Dr Srishti Shrivastava is a dentist who has dreamt of being a doctor before she learnt to brush her own teeth! She’s one of the rare few people who’ve had a childhood romance with their profession; who are rooted and yet free – and that’s because she has an innate friendship with books. Srishti is a witty magician with words as you will see below. You can drop a comment or mail me if you’d like to read more from her or give her any feedback – I’ll be sure to pass it on. Read on…
MY QUARANTINED FAMILY: Not so different from yours
‘Quarantine’ and ‘Lockdown’ are just fancy words. Believe me when I tell you we have all been through this when we were rebellious teenagers in a traditional Indian family. Maybe you don’t remember because it was a long time ago. Let me refresh your teen memory. My over-rationalising brain came up with it and I hope you observe the similarities between your family and the current situations as well as I intend them to.
The Honourable Prime Minister, my father, the head of the family:
He holds the primary power, moral authority and social privileges. He expects a great deal from us kids so that we’ll rise to the occasion. When I know that he thinks a lot of me, I respond well and reciprocate. He does not threaten me when I am not cooperating; instead he takes away my dear to heart privileges. He decides the time when I am required to get back home (the recent 7 PM curfew).
The Medical fraternity, My Mom:
We all know it is our mother who we need the most when we feel sick. She is the one who takes care of our family. She constantly makes sure that we are healthy and have a good immunity. One of her biggest challenges is the fact that there is hardly any lunch break and vacation time. Her main concern is the health and welfare of the family for which she keeps coming up with her own strategies.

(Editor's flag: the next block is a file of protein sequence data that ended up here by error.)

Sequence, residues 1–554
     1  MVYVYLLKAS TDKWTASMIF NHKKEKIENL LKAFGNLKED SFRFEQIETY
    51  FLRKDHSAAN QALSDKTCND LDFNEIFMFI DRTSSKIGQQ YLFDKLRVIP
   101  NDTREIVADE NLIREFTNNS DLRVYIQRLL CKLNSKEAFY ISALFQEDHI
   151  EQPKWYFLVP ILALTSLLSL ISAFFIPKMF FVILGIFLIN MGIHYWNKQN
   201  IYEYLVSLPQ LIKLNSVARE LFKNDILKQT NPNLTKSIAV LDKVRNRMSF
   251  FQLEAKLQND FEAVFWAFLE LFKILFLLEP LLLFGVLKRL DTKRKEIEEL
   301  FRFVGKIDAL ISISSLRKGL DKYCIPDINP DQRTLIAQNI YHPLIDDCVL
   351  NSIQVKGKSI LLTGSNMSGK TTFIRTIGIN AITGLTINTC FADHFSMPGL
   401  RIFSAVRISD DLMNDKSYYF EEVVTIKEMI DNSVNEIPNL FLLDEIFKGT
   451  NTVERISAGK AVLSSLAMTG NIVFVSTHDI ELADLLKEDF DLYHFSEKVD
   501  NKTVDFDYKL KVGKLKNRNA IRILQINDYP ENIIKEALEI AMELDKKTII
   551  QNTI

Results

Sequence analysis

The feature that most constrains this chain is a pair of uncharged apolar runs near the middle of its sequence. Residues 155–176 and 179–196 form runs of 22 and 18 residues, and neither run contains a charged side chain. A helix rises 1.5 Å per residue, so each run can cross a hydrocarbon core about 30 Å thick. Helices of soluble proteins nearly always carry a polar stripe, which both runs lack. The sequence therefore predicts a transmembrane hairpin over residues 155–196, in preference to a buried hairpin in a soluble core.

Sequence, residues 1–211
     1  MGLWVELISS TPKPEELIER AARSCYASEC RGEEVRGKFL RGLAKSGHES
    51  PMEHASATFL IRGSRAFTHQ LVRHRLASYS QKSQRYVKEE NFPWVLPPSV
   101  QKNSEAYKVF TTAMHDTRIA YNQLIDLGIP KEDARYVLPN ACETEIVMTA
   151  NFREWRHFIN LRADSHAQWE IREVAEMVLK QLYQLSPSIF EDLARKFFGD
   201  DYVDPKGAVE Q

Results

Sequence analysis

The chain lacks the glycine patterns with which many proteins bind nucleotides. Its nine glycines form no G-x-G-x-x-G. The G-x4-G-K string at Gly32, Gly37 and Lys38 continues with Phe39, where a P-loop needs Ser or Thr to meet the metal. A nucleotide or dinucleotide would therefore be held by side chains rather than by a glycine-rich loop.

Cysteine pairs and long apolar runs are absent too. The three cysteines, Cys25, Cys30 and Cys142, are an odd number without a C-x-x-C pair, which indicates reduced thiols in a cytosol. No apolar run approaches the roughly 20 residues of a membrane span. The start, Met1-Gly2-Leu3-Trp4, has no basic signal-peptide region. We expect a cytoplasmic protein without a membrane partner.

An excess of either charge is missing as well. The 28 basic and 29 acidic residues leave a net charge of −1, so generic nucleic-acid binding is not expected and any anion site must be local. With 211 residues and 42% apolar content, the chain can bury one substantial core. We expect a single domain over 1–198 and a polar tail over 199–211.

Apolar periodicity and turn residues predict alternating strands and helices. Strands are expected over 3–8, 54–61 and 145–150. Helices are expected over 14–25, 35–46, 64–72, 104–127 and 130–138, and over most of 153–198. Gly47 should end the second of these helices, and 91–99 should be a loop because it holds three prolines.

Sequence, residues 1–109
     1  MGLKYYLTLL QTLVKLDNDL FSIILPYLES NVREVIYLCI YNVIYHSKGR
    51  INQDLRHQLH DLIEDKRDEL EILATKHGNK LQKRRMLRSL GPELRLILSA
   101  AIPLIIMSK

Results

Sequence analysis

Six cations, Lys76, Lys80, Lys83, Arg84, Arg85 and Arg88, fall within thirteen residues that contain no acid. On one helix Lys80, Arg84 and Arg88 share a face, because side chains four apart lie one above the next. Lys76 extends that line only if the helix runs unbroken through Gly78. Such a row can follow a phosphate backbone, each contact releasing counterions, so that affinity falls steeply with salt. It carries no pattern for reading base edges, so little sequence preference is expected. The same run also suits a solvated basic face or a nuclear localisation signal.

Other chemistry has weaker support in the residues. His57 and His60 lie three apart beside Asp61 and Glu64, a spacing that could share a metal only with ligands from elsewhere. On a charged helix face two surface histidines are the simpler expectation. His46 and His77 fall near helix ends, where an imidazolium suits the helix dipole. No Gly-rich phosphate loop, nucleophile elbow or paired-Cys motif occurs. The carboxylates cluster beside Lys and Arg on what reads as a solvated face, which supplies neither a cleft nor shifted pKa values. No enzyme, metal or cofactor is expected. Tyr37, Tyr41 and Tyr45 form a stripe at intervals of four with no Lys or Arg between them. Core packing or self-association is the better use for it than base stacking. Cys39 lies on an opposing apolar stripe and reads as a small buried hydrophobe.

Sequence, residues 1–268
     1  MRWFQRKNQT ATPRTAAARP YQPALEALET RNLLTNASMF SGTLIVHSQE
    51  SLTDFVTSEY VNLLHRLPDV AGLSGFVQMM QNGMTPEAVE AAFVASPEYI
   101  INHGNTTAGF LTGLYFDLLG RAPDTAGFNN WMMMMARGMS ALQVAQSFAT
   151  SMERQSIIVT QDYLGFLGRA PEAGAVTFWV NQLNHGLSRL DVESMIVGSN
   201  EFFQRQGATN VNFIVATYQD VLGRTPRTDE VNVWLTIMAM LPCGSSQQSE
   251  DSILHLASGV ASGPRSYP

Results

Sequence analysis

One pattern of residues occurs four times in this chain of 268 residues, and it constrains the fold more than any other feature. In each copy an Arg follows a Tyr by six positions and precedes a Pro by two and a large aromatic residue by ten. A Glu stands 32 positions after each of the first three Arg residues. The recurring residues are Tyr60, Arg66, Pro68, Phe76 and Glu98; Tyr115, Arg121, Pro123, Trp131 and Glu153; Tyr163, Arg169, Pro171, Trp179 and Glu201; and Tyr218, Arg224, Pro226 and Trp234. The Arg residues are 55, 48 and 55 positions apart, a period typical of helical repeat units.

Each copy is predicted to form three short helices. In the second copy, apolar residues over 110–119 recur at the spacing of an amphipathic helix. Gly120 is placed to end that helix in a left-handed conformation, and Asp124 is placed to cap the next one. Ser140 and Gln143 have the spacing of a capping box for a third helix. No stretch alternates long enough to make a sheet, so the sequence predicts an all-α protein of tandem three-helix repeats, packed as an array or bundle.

The Police Force, my strict brother:
The police force is my brother, standing in the sun to protect me, sometimes scolding me if I don’t follow father’s rules but let’s me go if I tell him I have mother’s permission (health issues). He irritates me because of his overprotective nature but I know it’s for my own good.
The sanitation department is my cleanliness freak sister:
Most of what she does could be described as mundane and repetitive, they are rarely measurable but they matter a lot. It takes 4 hours for her to clean and 4 minutes for me to trash it all. But without her help, Mom’s task will never end and our place would be a great niche for pathogens.
These are some of the memories I have of my family when I was in my adolescence and I will forever be grateful to them for protecting me at the most vulnerable phase of my life. If it hadn’t been for all those times that they didn’t give into my stubborn wishes, I wouldn’t have been the person I am today. This makes me wonder about all the restrictions put upon us, no matter how frustrating they may seem today, will lead to a better and a safe future. Because this indeed is the most vulnerable phase of our country and the whole world..